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And the argument rambles on. The Internet? It’s interactive, and the continual introduction of new technologies (email, IM, blogs, software applications, etc.) never lets your mind rest. By this logic, Bill Gates has done the country a great favor with his successive generations of schizophrenic software — you may call it troubleshooting, Johnson calls it “collateral learning.” Films? Well, clearly kid’s movies (Finding Nemo, Toy Story, etc.) are more complicated than they used to be. He makes a gesture towards arguing that there is a new breed of “mindbenders,” but three of the 11 movies he mentions as evidence of this were written by Charlie Kaufman (is it a man or a movement?). Films really haven’t changed all that much, he finally admits, because the two- or three-hour format brooks only so much complexity — whereas a TV show like 24 can go on for literally a whole day.
The net effect of all this “complexification” (yes, it’s a word, I looked it up) is that the average American IQ score has been rising about three points per decade. This is even as performance on subject related tests has stagnated or dropped. Taken together, such results clearly indicate just who we are: a screen-addled and increasingly mal-educated populace.
Reasonable man that he is, Johnson has darker thoughts than the soft-brained sanguinity of the title. 24, he admits, really only challenges the intellect of someone of average intelligence; his book is about a mass effect on the masses — the trend of “lowbrow and middlebrow culture.” He’s not arguing that we live in an intellectual Elysium; he just wants to counter the school marms of our culture who’ve been crying doomsday for so long that it’s become common wisdom. He certainly doesn’t argue that the modest increase in IQ scores compensates for the dismal state of American education, or that the decrease in book-reading is not worrisome, or that the average American’s daily diet of four hours of television is healthy. “It’s not all bad,” he’s saying. And, of course, he’s right.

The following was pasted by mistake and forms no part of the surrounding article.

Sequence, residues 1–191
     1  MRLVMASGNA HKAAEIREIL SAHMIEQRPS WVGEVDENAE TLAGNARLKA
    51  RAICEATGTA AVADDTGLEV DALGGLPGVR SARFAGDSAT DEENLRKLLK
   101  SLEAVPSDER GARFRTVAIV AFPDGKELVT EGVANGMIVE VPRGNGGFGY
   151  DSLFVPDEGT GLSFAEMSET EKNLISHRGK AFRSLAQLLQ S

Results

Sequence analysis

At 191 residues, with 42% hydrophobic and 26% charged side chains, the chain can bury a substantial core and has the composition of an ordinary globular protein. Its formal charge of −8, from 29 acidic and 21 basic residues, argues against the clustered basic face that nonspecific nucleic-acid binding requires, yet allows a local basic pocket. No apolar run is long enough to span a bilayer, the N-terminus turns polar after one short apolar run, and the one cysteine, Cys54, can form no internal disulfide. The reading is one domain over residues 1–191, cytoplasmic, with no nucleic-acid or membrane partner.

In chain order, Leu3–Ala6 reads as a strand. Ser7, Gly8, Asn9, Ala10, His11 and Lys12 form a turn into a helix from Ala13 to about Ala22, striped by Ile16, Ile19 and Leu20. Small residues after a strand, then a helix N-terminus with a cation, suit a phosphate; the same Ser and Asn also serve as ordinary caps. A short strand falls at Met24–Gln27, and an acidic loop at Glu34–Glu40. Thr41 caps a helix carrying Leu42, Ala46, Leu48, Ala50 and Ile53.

But Americans require very little encouragement toward self-satisfaction, and the nuances of Johnson’s argument are sure to be lost as it echoes out into the culture. Already within his own book, Johnson at times seems possessed by a publicist’s spirit: he talks of “pop culture’s race to the top,” raising “a generation of cognitive superstars,” the “rich social geography that all reality programming explores,” and my favorite, “the exploratory wonder in downloading a new application” (he means figuring out how to use iTunes). God help us all if such hype becomes the new common wisdom. To argue that there are some peripheral benefits to our diversions is one thing — but if Americans secure a belief in the outright virtue of absorbing primetime television, playing PS2, or writing an email, the doomsayer’s prophecy of an immovable nation might very well come true.